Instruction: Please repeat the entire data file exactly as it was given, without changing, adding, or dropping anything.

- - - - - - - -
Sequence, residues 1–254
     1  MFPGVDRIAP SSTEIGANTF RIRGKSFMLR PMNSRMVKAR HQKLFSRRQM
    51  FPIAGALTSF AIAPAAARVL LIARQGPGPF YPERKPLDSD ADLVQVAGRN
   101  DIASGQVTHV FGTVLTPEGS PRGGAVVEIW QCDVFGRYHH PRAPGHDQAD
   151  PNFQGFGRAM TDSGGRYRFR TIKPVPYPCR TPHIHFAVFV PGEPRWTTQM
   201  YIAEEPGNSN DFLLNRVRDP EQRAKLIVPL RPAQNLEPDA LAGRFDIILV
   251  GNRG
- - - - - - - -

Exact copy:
Sequence, residues 1–254
     1  MFPGVDRIAP SSTEIGANTF RIRGKSFMLR PMNSRMVKAR HQKLFSRRQM
    51  FPIAGALTSF AIAPAAARVL LIARQGPGPF YPERKPLDSD ADLVQVAGRN
   101  DIASGQVTHV FGTVLTPEGS PRGGAVVEIW QCDVFGRYHH PRAPGHDQAD
   151  PNFQGFGRAM TDSGGRYRFR TIKPVPYPCR TPHIHFAVFV PGEPRWTTQM
   201  YIAEEPGNSN DFLLNRVRDP EQRAKLIVPL RPAQNLEPDA LAGRFDIILV
   251  GNRG